Most states require school districts to seek voter approval before issuing bonds to pay for expensive facilities projects like HVAC repairs and roof replacements, as well as for technology tools, measures to improve compliance with the Americans With Disabilities Act, and heightened security.

That means communities could increasingly be called on to approve borrowing that might result in property tax increases, which can be a tough sell, school district leaders say.

It can become especially tricky as district leaders try to share information they feel makes the proposals necessary without advocating for support, as they are generally prohibited by law from campaigning for a bond measure. It’s difficult, but doable, according to district leaders who have successfully managed the process.

They suggest being as transparent as possible about the potential financial impact on residents if the measures pass, as well as being accessible and responsive to questions and concerns. They also highlight the importance of relying on strong relationships with community groups and advocates.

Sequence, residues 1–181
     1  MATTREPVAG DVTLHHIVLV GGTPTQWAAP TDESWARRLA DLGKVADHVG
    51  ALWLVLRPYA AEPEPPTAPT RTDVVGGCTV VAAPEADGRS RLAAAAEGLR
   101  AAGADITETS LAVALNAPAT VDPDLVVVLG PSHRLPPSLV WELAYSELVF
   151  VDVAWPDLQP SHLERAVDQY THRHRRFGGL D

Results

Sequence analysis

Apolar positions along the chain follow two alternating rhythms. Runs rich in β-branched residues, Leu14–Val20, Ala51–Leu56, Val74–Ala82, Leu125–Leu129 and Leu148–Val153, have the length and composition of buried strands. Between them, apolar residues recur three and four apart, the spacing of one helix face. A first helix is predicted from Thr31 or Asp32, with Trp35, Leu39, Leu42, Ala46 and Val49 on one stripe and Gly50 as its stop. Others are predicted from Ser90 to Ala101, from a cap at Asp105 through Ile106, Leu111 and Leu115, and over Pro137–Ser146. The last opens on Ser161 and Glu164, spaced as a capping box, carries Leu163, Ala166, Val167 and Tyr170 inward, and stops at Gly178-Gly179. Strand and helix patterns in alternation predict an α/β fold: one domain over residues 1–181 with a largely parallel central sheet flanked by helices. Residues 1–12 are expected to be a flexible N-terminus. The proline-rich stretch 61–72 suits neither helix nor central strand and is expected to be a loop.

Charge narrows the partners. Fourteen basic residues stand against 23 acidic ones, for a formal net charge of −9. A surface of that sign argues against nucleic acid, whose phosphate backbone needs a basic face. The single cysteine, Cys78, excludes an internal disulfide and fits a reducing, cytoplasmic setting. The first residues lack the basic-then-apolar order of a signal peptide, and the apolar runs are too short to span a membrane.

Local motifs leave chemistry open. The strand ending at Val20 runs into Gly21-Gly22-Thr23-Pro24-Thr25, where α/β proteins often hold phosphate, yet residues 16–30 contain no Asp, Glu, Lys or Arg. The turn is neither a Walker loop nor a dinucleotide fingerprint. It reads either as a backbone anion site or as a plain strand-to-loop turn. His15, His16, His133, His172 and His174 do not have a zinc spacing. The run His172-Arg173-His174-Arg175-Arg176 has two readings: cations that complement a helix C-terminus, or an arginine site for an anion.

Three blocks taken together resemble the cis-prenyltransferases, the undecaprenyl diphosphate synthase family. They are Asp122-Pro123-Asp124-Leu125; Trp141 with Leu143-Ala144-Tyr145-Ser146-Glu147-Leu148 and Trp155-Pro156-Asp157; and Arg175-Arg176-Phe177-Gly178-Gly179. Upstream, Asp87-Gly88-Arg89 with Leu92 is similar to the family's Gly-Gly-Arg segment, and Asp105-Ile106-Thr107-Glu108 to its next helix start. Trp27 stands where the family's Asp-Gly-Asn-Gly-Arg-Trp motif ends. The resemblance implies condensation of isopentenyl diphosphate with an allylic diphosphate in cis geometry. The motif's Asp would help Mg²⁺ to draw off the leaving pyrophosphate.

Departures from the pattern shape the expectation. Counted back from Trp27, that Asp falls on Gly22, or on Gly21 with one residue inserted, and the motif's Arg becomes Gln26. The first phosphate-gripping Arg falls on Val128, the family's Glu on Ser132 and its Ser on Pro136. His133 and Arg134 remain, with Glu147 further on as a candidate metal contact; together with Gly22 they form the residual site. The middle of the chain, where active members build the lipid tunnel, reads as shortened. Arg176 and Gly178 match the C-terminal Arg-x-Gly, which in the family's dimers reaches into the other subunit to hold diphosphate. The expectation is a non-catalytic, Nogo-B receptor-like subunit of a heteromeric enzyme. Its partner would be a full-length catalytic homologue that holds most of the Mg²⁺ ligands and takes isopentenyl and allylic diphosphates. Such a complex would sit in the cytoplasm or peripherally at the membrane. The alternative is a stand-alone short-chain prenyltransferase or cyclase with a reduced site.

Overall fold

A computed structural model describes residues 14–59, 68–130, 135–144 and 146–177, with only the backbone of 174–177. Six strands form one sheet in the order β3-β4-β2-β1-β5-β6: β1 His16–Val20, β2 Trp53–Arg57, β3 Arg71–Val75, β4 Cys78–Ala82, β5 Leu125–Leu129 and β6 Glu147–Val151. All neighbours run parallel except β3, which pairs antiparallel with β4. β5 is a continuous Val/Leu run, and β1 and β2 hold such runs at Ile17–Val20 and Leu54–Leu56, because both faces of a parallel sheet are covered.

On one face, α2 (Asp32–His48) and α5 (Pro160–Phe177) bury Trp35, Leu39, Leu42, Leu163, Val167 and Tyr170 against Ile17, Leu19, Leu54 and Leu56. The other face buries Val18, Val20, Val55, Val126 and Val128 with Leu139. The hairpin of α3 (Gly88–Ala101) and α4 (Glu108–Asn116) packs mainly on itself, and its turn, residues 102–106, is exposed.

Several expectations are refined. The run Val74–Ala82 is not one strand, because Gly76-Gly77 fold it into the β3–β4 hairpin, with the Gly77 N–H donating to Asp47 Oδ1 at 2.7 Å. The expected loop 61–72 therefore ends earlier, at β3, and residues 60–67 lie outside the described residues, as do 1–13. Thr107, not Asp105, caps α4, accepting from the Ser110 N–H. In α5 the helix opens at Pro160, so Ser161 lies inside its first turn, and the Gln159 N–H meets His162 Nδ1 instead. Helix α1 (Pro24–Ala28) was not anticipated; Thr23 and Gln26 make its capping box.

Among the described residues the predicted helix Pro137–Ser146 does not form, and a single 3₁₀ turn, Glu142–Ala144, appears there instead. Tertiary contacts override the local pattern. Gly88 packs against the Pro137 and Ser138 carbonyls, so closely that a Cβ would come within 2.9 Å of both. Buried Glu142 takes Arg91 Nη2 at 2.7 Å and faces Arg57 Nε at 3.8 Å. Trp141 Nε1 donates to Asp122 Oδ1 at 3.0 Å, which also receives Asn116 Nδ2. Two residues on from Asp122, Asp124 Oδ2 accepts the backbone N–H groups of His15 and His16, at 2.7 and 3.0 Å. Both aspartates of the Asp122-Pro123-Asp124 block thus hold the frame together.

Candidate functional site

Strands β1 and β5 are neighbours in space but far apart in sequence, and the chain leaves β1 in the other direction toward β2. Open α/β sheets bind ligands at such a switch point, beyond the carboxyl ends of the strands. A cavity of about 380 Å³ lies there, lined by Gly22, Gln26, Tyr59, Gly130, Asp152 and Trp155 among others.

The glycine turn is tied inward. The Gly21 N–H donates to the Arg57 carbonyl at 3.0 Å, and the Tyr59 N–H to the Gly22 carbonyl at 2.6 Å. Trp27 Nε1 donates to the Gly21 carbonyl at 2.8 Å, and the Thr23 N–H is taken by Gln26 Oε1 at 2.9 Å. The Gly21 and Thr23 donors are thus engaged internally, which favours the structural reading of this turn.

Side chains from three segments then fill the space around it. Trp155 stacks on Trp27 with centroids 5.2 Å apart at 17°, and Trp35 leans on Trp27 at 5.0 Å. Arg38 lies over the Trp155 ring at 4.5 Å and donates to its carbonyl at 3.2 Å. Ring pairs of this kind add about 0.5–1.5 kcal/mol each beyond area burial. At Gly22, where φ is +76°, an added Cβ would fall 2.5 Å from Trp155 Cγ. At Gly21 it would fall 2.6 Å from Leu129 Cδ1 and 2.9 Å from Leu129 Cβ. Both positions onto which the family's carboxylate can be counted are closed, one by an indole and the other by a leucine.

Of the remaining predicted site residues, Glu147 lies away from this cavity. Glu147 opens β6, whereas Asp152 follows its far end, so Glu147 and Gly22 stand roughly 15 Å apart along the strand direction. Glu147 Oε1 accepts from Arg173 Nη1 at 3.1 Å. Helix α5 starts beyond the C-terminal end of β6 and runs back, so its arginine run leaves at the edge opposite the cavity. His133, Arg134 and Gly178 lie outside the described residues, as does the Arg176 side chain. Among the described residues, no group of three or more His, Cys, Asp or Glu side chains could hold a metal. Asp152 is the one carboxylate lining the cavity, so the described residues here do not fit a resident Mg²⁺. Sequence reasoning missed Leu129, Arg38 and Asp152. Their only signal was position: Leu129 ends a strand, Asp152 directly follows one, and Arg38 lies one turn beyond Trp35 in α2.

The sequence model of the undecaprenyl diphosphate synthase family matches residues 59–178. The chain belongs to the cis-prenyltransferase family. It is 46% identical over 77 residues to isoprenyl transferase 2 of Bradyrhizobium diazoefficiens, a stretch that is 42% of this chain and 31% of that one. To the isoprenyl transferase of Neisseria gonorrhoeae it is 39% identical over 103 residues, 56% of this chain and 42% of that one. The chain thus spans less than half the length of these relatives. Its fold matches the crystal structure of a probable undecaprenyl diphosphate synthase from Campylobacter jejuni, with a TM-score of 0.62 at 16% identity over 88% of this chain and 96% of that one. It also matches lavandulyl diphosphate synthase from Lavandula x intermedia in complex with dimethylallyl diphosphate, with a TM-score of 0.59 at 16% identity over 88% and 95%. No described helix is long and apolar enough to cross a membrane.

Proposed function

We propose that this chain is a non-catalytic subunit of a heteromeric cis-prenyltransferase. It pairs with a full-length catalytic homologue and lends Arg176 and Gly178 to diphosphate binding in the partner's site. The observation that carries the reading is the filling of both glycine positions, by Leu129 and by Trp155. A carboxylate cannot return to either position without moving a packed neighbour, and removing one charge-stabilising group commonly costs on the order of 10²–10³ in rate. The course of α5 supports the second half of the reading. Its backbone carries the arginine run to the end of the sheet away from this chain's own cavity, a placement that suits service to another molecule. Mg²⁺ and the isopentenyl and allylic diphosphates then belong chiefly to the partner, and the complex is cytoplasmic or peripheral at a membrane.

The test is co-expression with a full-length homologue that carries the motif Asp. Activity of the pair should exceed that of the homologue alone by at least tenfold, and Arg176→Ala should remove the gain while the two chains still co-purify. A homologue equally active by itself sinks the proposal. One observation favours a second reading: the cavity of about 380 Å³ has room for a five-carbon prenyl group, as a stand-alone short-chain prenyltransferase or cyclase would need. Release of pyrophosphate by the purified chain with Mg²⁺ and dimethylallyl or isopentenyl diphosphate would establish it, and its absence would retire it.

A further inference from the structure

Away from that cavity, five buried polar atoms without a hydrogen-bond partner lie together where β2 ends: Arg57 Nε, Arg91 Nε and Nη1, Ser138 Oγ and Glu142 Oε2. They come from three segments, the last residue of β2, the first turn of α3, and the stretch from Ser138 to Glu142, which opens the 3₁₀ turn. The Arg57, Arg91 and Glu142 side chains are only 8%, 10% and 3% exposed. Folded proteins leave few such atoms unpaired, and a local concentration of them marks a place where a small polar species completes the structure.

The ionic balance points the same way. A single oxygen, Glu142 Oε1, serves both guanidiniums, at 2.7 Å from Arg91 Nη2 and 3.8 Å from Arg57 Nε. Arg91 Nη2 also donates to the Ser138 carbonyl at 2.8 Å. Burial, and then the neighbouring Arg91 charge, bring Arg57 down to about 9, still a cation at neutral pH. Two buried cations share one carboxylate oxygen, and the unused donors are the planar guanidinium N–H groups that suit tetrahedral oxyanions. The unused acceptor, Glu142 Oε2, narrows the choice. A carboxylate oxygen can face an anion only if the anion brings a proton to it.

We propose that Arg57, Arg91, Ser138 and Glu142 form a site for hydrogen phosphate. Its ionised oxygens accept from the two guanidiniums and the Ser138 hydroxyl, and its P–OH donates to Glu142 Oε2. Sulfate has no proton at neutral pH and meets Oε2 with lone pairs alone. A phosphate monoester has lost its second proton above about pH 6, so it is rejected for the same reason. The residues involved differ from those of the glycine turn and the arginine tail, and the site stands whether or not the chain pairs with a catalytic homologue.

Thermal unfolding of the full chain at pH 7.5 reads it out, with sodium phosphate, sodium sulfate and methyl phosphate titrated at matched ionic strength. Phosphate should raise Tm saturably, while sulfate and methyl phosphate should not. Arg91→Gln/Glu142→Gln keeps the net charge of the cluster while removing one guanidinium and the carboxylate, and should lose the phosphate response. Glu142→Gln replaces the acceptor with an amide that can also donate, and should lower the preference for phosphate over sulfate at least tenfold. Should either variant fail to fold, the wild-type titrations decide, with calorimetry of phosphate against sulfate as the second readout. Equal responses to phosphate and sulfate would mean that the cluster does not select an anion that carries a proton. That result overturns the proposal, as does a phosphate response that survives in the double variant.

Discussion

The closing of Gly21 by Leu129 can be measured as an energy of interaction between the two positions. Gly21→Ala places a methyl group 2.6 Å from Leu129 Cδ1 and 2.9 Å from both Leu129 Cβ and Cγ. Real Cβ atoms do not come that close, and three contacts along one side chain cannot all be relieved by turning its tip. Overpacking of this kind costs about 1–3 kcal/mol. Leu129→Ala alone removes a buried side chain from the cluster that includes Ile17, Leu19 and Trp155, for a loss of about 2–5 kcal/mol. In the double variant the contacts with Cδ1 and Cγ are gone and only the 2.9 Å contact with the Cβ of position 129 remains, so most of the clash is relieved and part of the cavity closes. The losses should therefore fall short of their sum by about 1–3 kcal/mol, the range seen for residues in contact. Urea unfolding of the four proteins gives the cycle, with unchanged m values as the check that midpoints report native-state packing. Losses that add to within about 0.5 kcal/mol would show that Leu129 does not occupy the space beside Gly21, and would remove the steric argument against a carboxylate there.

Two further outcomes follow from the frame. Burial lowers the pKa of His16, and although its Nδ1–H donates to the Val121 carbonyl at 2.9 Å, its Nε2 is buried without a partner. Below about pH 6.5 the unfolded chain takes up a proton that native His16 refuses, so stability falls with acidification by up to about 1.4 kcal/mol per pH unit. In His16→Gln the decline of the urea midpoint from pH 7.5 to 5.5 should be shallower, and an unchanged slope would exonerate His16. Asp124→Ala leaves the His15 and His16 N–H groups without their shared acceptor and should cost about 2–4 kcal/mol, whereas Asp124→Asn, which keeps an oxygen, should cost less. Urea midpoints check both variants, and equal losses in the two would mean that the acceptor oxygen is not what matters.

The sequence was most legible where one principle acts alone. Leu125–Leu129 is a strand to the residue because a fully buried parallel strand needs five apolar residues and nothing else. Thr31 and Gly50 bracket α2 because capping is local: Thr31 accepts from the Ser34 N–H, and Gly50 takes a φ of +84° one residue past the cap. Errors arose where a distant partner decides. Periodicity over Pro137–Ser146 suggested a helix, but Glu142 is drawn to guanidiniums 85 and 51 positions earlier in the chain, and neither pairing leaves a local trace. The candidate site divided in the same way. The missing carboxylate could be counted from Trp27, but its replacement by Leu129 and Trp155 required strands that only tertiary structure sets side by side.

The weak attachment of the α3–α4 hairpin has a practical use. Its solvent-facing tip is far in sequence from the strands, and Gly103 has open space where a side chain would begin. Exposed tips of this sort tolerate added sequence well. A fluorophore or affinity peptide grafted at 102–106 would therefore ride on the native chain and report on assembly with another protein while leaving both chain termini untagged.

In 2023, nearly 1 in 4 school district bond elections failed, according to data from the SchoolBondFinder tool developed by the Amos Group, which sells school finance data to companies looking to contract with districts. Still, voters across the country approved about $80 billion in school bond issues—historically, a high amount but less than the $97 billion approved in 2022, which was the largest annual total since SchoolBondFinder began tracking the data in 2014.

Most states require a simple majority of voters to pass bond measures, but 10 require more support, including Idaho, where two-thirds of voters must vote in favor and where many borrowing packages fail even when they have majority support.